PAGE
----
[arin-ppml] ARIN-2012-3: ASN Transfers - Last Call

Jimmy Hess mysidia at gmail.com
Wed May 9 23:49:21 EDT 2012

On 5/9/12, William Herrin <bill at herrin.us> wrote:
> On 5/9/12, John Curran <jcurran at arin.net> wrote:
> For folks looking for a reason for AS number transfers, here's a thought:
> Implementing BGP communities is a nuisance with a 32-bit AS number.
> The convention is: 16 bits AS number, 16 bits tag. Virtually every

What you have shown is a good justification for obtaining a 16-bit AS
number.   It's actually a valid justification,   unlike other poor
excuses such as  "a provider I want to peer with doesn't like 32bit

There are other solutions besides AS transfers that do not encourage
spammers to figure out which ASes are unused,  and  bulk mail WHOIS
contacts with solicitations to sell their ASN.

ARIN should assign 32-bit AS numbers to organizations that can use
32-bit AS numbers, reserve  16-bit AS numbers to organizations  who
have a clear technical issue such as use of such communities; which
impacts their network implementation.  16bit numbers should be
available to assign to orgs that have a reason such as that,    and
for ARIN to make sure they are available requires that some of the
16bit numbers  not be available in the absence of a strong technical
reason such as that.

It is not apparent that enabling  specified transfers is the most
efficient way to reclaim AS numbers that are no longer in use,

Since there are only at most 8000 of them, in theory,  and these AS
numbers are subject to RIR policy,  there is not a massive swamp of
"Legacy AS numbers",   I would suggest  an alternate method of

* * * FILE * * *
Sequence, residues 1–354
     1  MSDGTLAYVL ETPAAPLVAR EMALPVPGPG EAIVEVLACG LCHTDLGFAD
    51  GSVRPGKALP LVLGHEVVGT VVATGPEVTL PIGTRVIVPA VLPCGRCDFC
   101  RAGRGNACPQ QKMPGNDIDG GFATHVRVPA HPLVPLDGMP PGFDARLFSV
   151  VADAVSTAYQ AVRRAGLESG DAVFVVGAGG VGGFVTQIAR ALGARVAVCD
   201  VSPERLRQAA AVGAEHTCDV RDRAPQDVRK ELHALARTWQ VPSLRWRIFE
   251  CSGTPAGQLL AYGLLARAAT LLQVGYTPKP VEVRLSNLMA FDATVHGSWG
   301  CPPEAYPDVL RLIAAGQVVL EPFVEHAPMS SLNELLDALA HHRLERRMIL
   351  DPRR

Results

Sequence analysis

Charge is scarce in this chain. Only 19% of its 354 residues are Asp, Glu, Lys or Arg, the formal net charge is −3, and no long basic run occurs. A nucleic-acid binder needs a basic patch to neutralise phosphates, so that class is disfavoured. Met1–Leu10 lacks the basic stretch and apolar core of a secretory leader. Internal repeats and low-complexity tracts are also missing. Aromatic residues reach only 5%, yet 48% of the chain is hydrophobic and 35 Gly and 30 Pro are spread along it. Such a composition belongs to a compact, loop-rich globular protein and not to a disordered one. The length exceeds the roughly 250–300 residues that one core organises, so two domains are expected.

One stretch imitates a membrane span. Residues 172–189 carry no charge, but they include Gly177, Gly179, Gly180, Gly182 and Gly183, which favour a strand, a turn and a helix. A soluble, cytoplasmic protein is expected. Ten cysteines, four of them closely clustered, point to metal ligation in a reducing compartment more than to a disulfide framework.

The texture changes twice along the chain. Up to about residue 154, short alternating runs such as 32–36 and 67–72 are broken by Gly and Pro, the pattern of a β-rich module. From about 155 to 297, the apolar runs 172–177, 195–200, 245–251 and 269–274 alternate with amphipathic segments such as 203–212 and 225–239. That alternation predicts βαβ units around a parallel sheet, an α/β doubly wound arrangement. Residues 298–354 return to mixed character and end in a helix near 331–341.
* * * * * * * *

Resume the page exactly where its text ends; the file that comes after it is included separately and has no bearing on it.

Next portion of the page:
reclaiming unused 16-bit AS numbers:

ARIN can compile a list of  AS numbers  that have been assigned more
than 90 days ago but do not appear as an Origin or Path member in
globally visible BGP prefix listings.      ARIN can  e-mail each
resource holder that has an AS number which does not appear,
requesting   that the resource holder account for and show their usage
of the AS number resource   or  return it.

The same should occur for a previously active AS number that
disappears from the table for more than 90 days.

Responses showing a current private use of the AS number are not reclaimable.
Any returned AS numbers  become part of the allocatable pool.

AS numbers from which no adequate response is received with a
sufficient number of attempts to contact the AS number resource
holder,  place the AS holder  in a "Not in good standing" status,
the WHOIS Records for the AS go to  "Resource not verified",
the matter must be resolved before allocating, or transferring any IP
address resources for the Org in or Out.

If the resource holder cannot be reached / does not respond to the
resource review request within 12 months,  and the AS number still
does not appear in global tables,  the AS assignment is revoked.


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